A senior graduating in global communication with five additional minors receives two prestigious college awards.
Understanding the Geo in Geopolitics
USU professor educates about the term "geopolitics"
By: Lyndi Robins, CHaSS Communications Journalist
For Colin Flint, a distinguished USU international studies professor, geopolitics is more than just a synonym for world politics, and geography is not just a category on Jeopardy!
Flint defines geopolitics as “the struggle over the control of geographical entities with an international and global dimension and the use of such geographical entities for political advantage.” This means that towns, cities, regions and countries are all places where global politics occurs, whether that be for war, brokering trade deals or forming alliances. The way global politics plays out re-shapes our world, changing cities, countries, and regions.
According to Flint, the concept of geography should not be entirely unfamiliar because we, as humans, function geographically all the time. People determine what is and is not socially acceptable based on whether they are in, say, a public library or their own living room.
“Every time we engage with others, we necessarily act geographically,” Flint said. “Often, we see behaviors and think, ‘That’s not right,’ or ‘That’s not appropriate,’ but it may not be the behavior itself that’s not appropriate, it’s just happening in the wrong setting.”
This everyday principle also applies in geopolitics because countries and political actors make decisions based on their situations.
This year, Flint published an article titled “Putting the “geo” into geopolitics: a heuristic framework and the example of Australian foreign policy.” Flint’s paper discusses Australia’s struggle to find its place on the international scale amid competing loyalties. The recent decision to cancel a contract for the supply of French submarines and buy nuclear powered ones from the U.S. and Britain is a case in point.
In the paper, Flint states that geopolitics occur in three main contexts: geostructural, including global economic and political situations and cycles; geophysical, which are constraints and opportunities that arise from geographic position; and geostrategic, or how global and regional factors impact military and foreign policy.
He examines these contexts of geopolitics with regard to the international relationships of Australia, China and the Indo-Pacific region.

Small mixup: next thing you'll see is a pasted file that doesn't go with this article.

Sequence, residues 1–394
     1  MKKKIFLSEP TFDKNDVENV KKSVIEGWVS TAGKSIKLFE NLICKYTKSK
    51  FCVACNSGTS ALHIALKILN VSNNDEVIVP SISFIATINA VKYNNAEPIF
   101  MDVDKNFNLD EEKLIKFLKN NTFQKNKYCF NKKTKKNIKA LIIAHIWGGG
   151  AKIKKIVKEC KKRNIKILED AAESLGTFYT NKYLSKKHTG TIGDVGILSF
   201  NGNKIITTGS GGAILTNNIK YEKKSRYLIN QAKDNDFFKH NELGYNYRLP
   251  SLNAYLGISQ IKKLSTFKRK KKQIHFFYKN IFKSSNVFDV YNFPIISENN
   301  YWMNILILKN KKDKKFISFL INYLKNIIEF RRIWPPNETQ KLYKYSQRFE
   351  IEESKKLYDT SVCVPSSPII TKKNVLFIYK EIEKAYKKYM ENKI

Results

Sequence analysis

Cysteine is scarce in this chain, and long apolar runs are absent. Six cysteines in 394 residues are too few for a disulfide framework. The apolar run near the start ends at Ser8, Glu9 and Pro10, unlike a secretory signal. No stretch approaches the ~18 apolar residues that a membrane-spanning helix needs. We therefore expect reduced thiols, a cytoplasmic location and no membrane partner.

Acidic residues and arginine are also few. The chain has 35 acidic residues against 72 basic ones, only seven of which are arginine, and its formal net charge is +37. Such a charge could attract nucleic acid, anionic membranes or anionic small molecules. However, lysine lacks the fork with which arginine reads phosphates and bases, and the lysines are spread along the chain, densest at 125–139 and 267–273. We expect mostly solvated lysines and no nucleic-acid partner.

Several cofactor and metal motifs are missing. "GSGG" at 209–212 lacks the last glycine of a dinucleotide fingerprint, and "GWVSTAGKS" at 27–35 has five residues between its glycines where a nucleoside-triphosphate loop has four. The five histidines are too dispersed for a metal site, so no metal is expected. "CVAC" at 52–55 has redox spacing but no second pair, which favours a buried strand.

In the abstract of his paper Flint states that “understanding foreign policy choices requires a theorized contextualization that sees all geopolitical decisions being limited by the interaction of economic, strategic, and physical contexts.”
Flint believes fostering a true understanding of geopolitics will help political leaders make informed, geopolitical decisions. Without a change in mindset, Flint thinks the current international scene could escalate to global wars, and even the use of nuclear weapons. One of the greatest issues, according to Flint, is a misconception of geopolitics.
According to Flint, geopolitics was a popular term in the late 1800s and early 1900s preceding the world
wars. The mindset of geopolitics at this time encouraged countries to go to war.
Then and now, many people associate geopolitics with the theory of zero-sum power. This idea states that countries cannot share power, rather, a country either has power or it does not. When one country gains power, another has lost it. This view often promotes warfare as a necessity.
“If we use academic geography to understand the geo in geopolitics, we can have a more empathetic view of the world and hopefully that will lead to greater understanding rather than conflict,” Flint said. “In the words of Elvis Costello, ‘what’s so funny about peace, love and understanding?’’
Flint recently published the fourth edition of his textbook, Introduction to Geopolitics. He is also in the beginning stages of writing a book which will use past historical contexts to examine modern geopolitics and the current risk of a global war. He is especially interested in how the rise of China can either be accommodated in a peaceful way, or provoke traditional geopolitical responses that could lead to war.
“The book is going to explore geopolitical history to try and understand our world’s contemporary situation,” Flint said. “It will discuss what could potentially lead us into a new war, given what we understand from history, but it was also discuss what we can learn from history that will allow us to accommodate this situation.”